Opposite Fringes Form Odd Alliance in Vienna

VIENNA -- Even for one of Europe's quirkier capitals, it was a bizarre spectacle: a far-right politician who has questioned the existence of Nazi gas chambers noshing on salmon pate at a bar mitzvah and tapping his foot to wildly pulsating Hasidic music.

"The rabbi is a good friend of mine," John Gudenus said of his host. "Why, we've even had him over to the house!"

They make strange bedfellows from opposite fringes -- ultra-rightists and ultra-Orthodox Jews, joined in an alliance for diverging ends. Brooklyn-born Moishe Arye Friedman said he was chief rabbi for hundreds of anti-Zionist orthodox Jews in Vienna. He wants formal state recognition of his religious community and thinks that the rightists can help.

What the rightists and the rabbi share is a campaign against the Israelite Religious Community, the body formally recognized by the government as representing all Jews in the city and therefore the channel through which the government doles out support to Jewish schools, synagogues and other establishments.

The set-up, a relic from Austria's imperial past, was ruled unconstitutional in 1982. But the government has yet to rule on Friedman's bid to have his group recognized as a Jewish community independent of and fully equal to the 7,000-member Israelite Religious Community.

The rabbi has turned to Ewald Stadler, who is one of the country's three "People's Attorneys," or ombudsmen. Stadler, former top aide to Joerg Haider who led the Freedom Party to its 1999 triumph, has equated Nazi rule of Austria to the post-World War II occupation by the Allies.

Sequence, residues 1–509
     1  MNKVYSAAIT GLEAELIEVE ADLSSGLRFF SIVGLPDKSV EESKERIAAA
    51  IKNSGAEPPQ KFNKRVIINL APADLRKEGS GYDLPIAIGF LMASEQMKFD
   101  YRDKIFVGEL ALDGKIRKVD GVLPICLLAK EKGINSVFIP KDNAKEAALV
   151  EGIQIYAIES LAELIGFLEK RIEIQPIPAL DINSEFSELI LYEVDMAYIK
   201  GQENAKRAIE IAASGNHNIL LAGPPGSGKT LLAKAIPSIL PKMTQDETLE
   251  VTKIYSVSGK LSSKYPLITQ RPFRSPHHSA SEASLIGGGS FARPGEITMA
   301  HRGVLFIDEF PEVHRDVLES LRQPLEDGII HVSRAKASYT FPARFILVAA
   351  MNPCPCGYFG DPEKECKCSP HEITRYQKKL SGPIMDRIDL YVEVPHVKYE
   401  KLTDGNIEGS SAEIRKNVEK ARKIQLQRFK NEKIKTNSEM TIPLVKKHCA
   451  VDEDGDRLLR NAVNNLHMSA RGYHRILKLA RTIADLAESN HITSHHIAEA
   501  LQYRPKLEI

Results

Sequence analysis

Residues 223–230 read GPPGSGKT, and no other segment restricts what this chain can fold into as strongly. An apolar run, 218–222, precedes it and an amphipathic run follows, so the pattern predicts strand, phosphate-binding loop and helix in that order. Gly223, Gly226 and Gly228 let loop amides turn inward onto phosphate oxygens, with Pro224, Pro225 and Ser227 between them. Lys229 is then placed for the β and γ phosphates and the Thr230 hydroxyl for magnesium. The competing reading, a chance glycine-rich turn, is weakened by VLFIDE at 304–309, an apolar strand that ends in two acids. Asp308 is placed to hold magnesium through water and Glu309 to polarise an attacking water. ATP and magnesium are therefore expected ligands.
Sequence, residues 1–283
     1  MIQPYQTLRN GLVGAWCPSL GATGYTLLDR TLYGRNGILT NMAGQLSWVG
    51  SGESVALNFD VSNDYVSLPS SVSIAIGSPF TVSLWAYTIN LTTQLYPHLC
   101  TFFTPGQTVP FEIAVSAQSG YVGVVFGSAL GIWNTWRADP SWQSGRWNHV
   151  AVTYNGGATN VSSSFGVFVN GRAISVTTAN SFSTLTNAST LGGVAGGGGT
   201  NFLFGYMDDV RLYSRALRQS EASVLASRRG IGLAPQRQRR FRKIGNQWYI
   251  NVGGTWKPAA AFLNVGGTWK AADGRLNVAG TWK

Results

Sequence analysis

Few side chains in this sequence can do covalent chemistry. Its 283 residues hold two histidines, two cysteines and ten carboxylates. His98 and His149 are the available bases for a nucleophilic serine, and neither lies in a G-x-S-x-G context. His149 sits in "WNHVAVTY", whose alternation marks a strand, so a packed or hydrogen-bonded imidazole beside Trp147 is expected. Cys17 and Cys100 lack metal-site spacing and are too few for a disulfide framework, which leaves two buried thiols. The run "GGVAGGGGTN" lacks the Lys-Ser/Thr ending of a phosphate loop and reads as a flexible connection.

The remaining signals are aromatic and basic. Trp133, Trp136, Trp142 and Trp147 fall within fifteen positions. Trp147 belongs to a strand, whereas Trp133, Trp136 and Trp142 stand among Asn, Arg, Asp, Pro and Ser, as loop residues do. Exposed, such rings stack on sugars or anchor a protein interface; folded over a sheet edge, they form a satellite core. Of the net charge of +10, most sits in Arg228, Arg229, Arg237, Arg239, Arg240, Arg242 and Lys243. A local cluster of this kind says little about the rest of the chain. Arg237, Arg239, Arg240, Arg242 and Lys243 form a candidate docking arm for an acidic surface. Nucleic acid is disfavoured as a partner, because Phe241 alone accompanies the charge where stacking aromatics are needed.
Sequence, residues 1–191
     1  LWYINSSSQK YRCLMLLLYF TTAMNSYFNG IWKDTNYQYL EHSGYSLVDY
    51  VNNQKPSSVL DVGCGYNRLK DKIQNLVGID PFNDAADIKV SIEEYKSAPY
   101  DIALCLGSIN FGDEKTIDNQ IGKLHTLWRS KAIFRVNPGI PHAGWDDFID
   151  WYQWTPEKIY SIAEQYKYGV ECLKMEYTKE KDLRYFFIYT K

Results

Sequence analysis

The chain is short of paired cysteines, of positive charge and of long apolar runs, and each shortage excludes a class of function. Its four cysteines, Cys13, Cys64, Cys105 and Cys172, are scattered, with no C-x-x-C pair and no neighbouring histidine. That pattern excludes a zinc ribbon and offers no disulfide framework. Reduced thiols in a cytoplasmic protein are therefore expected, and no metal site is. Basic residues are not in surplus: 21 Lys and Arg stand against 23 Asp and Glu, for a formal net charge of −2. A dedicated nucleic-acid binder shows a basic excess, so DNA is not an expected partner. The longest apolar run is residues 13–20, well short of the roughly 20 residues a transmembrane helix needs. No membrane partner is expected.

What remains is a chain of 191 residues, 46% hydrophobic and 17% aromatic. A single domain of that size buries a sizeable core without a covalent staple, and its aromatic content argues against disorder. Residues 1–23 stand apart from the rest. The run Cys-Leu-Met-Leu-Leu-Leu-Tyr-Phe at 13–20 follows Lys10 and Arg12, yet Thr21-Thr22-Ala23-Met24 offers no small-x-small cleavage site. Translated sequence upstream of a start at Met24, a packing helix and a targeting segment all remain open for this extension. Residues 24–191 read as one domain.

The diminutive Friedman also courts controversy by uttering views that are repudiated by most Jews and in some cases embraced by far-rightists. Friedman denies Israel's right to exist, saying it is up to God to lead Jews out of the Diaspora. He says Zionist Jews share the blame for the Holocaust, which he sees as punishment for straying from God's path.

Jewish anti-Zionism, on both religious or political grounds, is as old as Zionism itself. But it tends to be a minority view.

Friedman is shunned by representatives of the Israelite Religious Community, who accuse him of being on the rightists' payroll -- something he does not deny.

"He's a one-man show," said the community's secretary-general, Avshalom Hodik. "And Stadler is an extremist. We have extremists attracting each other."